Sensory bottles are a great way to help your mind calm down and relax. There are so many different ways to create your own, and they are really easy to make, requiring minimal supplies. For the bottle, you can purchase a nice clear bottle specifically for this project, or you can do what I did and reuse a beverage bottle. I used Bai bottles for most of mine because I like how they are sturdy and smooth. Some water bottles are super thin and flimsy so they won’t hold up well to sensory exploration.

The base can be created with a variety of liquids. You can use glitter glue, clear hair gel, corn syrup, clear tacky glue, hair conditioner, clear liquid soap or glycerin. Adding one of these ingredients helps the other items you put in your bottle float better instead of immediately settling to the bottom after being shaken. Since each one of these items has different properties, results may vary. Make sure you do not fill it completely to the top with liquid. You need to leave some space at the top so there is room for the liquid to move around a little. Once you have your bottle made to your liking, I highly recommend using hot glue or super glue to seal the lid closed. You don’t want to shake it with a loose lid!

I wanted to try making a few different kinds of sensory bottles to see what I thought worked the best.


Supplies Needed:

  • Clear glue
  • Warm Water
  • Glitter

I think this one is my favorite! I filled the bottle with half glue, half warm water. Warm water helps it mix better with the glue. Shake it up to mix the glue and water. Add however much glitter you want. When it sits for a while, the glitter will settle at the bottom with the glue, so you’ll really need to shake vigorously to get it all swirling again. It is so mesmerizing to watch the swirls of glitter!

Water Beads

Supplies Needed:

  • Water Beads
  • Clear shampoo
  • Water

I mixed ¼ shampoo with ¼ water and shook it to mix it up. Once it settled, I added water beads and more water to fill it up. I used a clear shampoo because that is what I had. I’ve seen recommendations for using clear hair gel. Next time I would go for the hair gel because the shampoo got sudsy when shaking it up, which detracted from the visual of the water beads. I also felt like there weren’t enough water beads in it, and after a day or two, I poured out some of the liquid and added more water beads.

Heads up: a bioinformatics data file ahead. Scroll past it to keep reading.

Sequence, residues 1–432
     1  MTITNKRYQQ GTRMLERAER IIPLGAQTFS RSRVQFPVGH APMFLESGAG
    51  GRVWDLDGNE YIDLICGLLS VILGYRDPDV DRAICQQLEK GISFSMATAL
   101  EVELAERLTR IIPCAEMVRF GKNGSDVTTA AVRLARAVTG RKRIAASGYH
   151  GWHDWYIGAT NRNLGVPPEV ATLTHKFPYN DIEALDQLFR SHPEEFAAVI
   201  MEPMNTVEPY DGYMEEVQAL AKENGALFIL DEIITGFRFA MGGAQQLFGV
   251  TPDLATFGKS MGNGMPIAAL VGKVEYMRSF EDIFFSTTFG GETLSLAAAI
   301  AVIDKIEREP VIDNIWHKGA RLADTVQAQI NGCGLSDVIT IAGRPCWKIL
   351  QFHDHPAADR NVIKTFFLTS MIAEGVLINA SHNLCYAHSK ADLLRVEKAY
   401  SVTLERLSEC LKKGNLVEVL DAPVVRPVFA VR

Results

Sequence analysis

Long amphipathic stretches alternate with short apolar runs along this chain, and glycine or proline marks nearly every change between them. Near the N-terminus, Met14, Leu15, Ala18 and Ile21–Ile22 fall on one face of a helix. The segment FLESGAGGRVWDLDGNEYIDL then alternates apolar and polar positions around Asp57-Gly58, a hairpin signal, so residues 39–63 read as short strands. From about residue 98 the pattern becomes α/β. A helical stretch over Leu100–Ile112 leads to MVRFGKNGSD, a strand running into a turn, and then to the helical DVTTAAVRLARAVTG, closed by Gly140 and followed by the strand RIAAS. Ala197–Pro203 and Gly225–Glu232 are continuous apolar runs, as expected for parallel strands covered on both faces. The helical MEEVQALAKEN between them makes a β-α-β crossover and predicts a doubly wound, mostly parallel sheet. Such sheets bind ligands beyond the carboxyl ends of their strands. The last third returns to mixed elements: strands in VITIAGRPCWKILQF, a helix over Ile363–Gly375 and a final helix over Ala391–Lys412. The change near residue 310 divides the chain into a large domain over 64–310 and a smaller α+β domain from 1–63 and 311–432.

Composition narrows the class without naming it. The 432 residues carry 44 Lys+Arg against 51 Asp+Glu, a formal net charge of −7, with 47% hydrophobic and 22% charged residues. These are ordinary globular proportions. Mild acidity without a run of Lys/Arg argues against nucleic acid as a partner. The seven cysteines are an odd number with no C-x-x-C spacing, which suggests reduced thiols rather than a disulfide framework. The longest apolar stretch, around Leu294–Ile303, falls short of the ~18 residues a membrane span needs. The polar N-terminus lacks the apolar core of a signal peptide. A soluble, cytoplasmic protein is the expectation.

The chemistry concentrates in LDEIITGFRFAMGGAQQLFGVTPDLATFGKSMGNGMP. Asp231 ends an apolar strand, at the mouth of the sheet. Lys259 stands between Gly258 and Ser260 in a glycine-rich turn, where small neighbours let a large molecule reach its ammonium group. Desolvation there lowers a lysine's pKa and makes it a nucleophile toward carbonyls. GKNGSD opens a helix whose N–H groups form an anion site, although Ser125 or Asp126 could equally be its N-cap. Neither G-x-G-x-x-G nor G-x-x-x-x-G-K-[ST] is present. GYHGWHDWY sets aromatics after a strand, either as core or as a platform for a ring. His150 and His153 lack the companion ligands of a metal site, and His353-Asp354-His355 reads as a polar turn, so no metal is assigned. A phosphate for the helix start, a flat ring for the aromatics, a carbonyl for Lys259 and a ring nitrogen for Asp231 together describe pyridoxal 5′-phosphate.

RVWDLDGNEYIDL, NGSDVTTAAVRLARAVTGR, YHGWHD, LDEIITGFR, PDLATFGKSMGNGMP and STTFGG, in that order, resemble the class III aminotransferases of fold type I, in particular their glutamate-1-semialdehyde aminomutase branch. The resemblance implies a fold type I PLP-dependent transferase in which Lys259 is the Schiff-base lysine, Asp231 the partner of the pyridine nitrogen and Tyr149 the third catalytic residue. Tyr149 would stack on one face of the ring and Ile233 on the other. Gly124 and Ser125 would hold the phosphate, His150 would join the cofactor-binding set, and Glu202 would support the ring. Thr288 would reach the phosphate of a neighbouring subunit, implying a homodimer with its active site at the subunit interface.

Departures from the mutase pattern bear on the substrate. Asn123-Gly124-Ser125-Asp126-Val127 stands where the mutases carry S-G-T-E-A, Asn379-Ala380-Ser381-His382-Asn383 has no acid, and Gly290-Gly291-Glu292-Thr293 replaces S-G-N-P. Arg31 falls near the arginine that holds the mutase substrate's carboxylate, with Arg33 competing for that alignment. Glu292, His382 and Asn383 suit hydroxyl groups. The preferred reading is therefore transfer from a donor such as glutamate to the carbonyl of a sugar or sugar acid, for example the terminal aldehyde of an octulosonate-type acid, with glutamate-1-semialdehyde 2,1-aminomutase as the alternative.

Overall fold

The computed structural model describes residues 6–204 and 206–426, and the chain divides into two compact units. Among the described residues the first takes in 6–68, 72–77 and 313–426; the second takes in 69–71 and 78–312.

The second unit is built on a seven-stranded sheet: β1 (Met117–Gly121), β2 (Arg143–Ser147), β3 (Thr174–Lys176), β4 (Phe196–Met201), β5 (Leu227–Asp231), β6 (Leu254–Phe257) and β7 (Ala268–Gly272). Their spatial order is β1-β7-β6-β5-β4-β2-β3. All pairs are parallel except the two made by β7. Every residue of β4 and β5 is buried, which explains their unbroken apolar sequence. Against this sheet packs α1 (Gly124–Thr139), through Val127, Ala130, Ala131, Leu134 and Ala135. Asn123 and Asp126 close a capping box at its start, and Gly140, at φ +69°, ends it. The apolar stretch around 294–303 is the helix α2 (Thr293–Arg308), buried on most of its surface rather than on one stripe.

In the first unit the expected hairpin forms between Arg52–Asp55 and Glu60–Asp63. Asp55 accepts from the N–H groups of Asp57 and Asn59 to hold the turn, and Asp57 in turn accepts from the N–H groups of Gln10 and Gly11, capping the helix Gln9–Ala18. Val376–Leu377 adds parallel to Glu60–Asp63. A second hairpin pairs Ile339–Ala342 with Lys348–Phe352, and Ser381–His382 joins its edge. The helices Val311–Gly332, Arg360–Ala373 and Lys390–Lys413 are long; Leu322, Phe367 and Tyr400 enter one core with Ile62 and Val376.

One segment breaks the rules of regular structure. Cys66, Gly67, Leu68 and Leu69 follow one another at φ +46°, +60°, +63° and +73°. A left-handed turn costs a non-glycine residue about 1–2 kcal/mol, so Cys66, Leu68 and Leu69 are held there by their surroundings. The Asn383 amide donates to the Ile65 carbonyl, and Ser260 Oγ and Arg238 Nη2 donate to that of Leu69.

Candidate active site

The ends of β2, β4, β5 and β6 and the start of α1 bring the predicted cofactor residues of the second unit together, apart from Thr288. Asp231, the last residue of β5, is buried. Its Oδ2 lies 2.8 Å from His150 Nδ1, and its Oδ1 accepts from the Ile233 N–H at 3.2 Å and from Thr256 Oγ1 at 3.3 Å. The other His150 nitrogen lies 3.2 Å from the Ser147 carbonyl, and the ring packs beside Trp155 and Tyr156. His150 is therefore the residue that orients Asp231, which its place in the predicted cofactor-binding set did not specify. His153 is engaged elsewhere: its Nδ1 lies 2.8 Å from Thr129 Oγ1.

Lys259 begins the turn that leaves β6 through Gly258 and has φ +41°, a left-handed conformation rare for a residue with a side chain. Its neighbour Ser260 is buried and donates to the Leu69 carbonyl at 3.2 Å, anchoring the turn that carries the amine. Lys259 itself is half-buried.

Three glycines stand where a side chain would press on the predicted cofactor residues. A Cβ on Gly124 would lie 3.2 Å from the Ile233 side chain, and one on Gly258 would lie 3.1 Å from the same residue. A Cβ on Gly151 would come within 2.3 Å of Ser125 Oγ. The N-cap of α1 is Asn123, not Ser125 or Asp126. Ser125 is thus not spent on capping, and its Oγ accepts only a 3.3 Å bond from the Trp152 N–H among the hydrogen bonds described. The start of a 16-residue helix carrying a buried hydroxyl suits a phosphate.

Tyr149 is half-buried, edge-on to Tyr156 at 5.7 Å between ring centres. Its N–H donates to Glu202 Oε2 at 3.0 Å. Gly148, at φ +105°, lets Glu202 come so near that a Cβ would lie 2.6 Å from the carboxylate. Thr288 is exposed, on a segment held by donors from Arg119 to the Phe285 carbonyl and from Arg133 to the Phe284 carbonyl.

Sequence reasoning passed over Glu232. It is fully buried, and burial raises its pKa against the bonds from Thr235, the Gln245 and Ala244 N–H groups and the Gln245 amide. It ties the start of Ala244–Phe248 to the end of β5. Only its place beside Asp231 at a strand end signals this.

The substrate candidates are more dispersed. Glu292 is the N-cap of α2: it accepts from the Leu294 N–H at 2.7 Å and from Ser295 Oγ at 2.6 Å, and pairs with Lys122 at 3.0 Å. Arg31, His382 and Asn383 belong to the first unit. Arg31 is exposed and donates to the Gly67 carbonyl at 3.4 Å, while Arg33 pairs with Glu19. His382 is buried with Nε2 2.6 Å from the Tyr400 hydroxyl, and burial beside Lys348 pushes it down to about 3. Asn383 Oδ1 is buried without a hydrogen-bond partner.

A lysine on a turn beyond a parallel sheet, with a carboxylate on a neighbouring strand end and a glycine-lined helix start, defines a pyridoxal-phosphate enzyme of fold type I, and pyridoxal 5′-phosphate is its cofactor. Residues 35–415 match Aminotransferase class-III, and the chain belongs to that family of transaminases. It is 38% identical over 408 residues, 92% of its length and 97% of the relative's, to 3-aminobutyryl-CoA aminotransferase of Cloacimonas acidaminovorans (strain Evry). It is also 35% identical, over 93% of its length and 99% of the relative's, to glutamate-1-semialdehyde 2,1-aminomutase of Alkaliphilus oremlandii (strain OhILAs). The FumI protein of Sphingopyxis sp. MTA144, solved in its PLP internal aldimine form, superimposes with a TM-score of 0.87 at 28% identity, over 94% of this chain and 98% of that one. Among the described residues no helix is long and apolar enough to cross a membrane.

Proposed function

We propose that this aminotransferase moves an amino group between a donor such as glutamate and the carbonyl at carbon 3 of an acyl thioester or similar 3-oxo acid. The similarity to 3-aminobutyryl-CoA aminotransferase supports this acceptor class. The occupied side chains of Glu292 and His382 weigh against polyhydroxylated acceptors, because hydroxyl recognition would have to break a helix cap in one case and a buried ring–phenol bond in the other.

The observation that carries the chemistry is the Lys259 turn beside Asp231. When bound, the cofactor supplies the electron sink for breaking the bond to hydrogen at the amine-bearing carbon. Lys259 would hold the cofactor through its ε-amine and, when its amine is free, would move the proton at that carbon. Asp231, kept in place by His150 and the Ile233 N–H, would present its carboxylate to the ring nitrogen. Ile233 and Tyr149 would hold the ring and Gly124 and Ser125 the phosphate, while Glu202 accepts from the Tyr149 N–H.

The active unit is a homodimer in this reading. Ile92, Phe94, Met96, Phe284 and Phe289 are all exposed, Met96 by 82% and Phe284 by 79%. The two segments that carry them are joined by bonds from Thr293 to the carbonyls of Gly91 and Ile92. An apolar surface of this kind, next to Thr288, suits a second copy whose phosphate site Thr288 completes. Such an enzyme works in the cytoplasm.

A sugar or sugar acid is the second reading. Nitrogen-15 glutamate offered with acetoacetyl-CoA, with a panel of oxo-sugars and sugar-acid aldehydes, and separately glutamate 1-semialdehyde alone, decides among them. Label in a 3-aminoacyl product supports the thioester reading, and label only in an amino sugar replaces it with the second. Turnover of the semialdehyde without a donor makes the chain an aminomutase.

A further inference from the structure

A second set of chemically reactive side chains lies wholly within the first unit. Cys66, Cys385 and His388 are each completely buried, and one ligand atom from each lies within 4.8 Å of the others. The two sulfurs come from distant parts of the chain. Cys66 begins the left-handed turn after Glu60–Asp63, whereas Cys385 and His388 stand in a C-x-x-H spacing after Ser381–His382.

Weighted Sensory Bottle

Supplies Needed:

  • Water
  • Sand
  • Glass stones
  • Glitter
  • Clear Glue

Pour sand into the bottom of the bottle about ¼ full. Add a layer of glitter. Add glass beads or stones. Pour in warm water to fill about ½ of what is left, and add clear glue for the rest. Shake well. Because the sand and glue settle at the bottom, it does require some vigorous shaking to dislodge it. The sand and stones add an auditory component as the glass beads and sand slide in the bottle, and the extra weight will make your muscles work harder, so you’re getting input into your arms as well.

Rice Bottle

Supplies Needed:

  • Rice (plain rice is good, but you can also color the rice for additional fun)
  • Small objects/toys (Erasers, paper clips, beads, buttons, golf tees, push pins, dice, pom poms, googly eyes, letters, Legos, bingo chips, candles, safety pins)

Of course, not all sensory bottles need to be water based. Here is one that I made using rice. This is a homemade version of the game Find It or I Spy. I recommend making a list of all the objects that you put in with the rice. After shaking your bottle and getting everything good and mixed up, you can see if you can find all the objects on the list.

What senses are active with sensory bottles?

  • Visual: Watch as the glitter, sand or water beads move and swirl with the water mixture, or look carefully so you can find the objects hidden in the rice.
  • Tactile: Your bottle may have bumps and ridges on it that you can feel as you shake the bottle. Depending on what you have inside your bottle, you might even be able to feel objects moving.
  • Auditory: Can you hear the objects inside your bottle moving and bumping into other objects?
  • Proprioceptive: This is the sensory input you feel in your muscles and joints. If you make a weighted bottle, you have to work a little harder to shake it, and if you have glue mixed in, you have to shake extra hard to get everything dislodged to swirl around.

We also have a wide variety of music options that would be perfect to enjoy while relaxing with a sensory bottle. You can try one of the following CDs:

Relaxation Music for Children by Llewellyn & Juliana

The duo of Llewellyn & Juliana wrap young listeners in a blanket of blissful melodies, dreamy synths, soft twinkling tones and gentle vocals. The end result is an atmospheric effect that is perfect for creating a calming environment.

Find it now

Tropical Rain Forest: Sounds of Nature

Enjoy soothing nature sounds from the rain forest.

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Quiet Moments with Greg and Steve by Greg and Steve

A collection of resting songs, coupled with relaxation activities.

Find it now

If you prefer to stream your music, you can use our digital collection to find music for meditation on hoopla or ambient music on Freegal.